Encompassing more than160 species in North America and 3,000 worldwide, cicadas (Cicadidae) are categorized mainly by life cycle length. Most species are referred to as annual, or “dog-day,” cicadas (Tibicen spp.) and live between one and five years depending upon species. The seven species of “periodical” cicadas (Magicicada spp.) have either 13- or 17-year-long life cycles. Adult cicadas spend only about two weeks aboveground for reproductive purposes. During that time, annuals don’t typically damage trees, shrubs or ornamental shrubs significantly. Periodicals slice small branches open for laying eggs in them, favoring twigs of 1/4 to 1/2 inch diameter. “Flagging” occurs when damaged twigs split and die. Young trees between 1 and 4 years of age are most at risk.
Things You'll Need
- Disposable plastic netting, 1/4-inch mesh
- Garden hose
- Garden spade
- Twine or masking tape
- Clean, sharp shears
- Plastic garbage bags
Listen for the first songs of male cicadas beginning in May. This will probably occur at or around sunset. You can’t miss the extremely loud, deep buzzing noise. Some strong, resonant midsummer male cicada songs have been measured at 100 decibels from a distance of 20 yards. That’s loud enough for you to hear it over your running lawn mower.
Cover young trees and ornamental shrubs between 1 and 4 years of age with disposable plastic netting with 1/4-inch mesh holes as soon as you hear the first cicada song. Protect any branches under 1/2 inch in diameter. Older, well-established specimens aren’t likely to suffer any damage. You have five to 10 days from the time you hear the first songs of singing males until the females arrive to mate.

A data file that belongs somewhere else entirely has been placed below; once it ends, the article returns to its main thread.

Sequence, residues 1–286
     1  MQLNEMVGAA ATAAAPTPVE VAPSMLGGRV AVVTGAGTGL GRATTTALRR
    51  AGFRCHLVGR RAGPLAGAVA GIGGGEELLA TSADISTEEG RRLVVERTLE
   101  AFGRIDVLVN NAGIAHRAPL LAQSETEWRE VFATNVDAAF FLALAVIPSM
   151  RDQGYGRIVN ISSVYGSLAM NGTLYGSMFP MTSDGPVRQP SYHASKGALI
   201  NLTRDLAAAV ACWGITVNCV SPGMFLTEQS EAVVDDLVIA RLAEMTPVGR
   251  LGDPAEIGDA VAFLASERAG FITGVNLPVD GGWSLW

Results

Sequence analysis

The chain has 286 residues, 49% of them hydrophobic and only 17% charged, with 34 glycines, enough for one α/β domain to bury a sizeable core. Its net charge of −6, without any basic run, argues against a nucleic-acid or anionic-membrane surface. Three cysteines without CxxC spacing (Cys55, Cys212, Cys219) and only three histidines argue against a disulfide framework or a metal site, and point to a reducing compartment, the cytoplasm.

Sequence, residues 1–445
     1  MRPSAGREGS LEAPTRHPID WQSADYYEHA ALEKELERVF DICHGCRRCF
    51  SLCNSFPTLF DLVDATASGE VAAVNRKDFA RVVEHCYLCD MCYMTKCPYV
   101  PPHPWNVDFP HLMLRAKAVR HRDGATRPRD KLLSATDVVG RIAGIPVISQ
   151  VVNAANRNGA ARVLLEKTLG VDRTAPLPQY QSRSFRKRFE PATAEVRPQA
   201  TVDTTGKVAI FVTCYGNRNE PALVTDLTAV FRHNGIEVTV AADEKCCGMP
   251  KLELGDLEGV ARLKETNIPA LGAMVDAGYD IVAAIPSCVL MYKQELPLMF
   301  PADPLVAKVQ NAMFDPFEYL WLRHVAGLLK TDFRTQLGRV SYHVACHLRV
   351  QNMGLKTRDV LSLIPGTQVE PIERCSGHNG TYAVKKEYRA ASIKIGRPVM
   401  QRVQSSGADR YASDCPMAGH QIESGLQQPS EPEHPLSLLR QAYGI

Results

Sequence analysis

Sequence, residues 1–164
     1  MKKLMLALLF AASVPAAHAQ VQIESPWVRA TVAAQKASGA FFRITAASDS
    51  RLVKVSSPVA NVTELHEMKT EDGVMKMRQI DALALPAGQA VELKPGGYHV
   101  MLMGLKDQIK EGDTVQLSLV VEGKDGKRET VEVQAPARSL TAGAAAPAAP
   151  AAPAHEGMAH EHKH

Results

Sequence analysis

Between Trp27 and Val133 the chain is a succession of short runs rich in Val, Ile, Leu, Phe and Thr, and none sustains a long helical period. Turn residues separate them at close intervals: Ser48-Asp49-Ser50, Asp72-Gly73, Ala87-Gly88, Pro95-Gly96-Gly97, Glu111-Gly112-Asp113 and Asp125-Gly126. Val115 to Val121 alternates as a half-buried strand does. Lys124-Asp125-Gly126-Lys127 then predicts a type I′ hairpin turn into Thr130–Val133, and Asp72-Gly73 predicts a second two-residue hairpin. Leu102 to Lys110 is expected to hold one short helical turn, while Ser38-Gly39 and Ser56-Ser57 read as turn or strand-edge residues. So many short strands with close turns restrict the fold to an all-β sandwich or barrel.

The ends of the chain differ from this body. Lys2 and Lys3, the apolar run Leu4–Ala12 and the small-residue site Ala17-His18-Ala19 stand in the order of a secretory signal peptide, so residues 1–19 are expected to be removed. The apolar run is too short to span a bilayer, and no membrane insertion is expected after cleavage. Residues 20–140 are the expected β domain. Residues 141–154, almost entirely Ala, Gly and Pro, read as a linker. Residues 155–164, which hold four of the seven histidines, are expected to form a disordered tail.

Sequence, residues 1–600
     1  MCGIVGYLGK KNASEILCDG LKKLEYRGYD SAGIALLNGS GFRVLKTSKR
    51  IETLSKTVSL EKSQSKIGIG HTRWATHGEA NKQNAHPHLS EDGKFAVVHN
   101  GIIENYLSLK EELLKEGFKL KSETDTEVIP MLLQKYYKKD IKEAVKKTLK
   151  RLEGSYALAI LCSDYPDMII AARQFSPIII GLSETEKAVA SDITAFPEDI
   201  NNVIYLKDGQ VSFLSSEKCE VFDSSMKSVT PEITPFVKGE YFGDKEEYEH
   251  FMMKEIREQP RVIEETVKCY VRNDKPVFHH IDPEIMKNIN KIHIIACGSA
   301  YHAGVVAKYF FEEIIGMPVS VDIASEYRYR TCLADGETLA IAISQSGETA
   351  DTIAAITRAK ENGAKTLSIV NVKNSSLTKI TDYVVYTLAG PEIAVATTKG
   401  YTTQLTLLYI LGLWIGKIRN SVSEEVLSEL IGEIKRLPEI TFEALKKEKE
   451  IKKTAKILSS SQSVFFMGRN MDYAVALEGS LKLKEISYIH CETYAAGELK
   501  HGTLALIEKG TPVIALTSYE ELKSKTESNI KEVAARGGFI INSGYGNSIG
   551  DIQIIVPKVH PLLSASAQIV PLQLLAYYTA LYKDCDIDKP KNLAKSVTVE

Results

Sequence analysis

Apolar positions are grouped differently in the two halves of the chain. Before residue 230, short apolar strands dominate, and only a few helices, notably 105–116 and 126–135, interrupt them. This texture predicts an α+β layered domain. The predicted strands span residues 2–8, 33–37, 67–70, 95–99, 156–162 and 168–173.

Secure the covering below the plant’s foliage with twine or masking tape to prevent cicadas from crawling under the material to access the plant’s limbs. Leave the covering in place until all cicada activity ceases in your area, typically around the end of June.
Knock cicadas off structures and plants with a strong blast from the garden hose when the insects begin to annoy you. They may swarm your home and anything on your property temporarily. Squash them if you want some vengeful gratification.
Scoop cicada carcasses and empty exoskeletons up with a garden spade after they expire in five to 10 days following their arrival. These bugs typically create huge messes in yards. Toss them into gardening areas where other insects and soil microorganisms work hard at turning them into excellent fertilizer. Cultivate empty exoskeletons right into the soil. Deceased cicadas contribute large, healthy doses of nitrogen to garden soil.
Prune damaged twigs and limbs off the trees and ornamental shrubs with clean, sharp shears within three to four weeks after you hear the last male songs. Gather the trimmings up in stout plastic bags, and dispose of them in the trash. Don’t add them to your compost heap. This prevents the eggs present in the damaged wood from hatching and burrowing into the ground for yet another round.
- Gardens Alive: The Cicadas Are Coming!
- Popular Mechanics: Everything You Need to Know About the Cicada Swarm
- Cincinnati: Surviving the Cicadas
- Great Plains Nature Center: Cicadas
- Smithsonian National Museum of Natural History: Cicada FAQ (Frequently Asked Questions)
- Colorado State University Extension: Cicadas
- University of Connecticut: Selected North American Cicada Species
- Photo Credit Baerbel Schmidt/Digital Vision/Getty Images
- YouTube -- Tulsa World: Cicadas Sing the Song of Summer (Annual Cicadas)
- YouTube -- The State Journal-Register: Brood XIX Periodical Cicadas
- University of Maryland Newsdesk: Cicada-Licious: Cooking and Enjoying Periodical Cicadas
- North Carolina State University Forsyth County Center Cooperative Extension: Watch Out for the Cicada-Killer!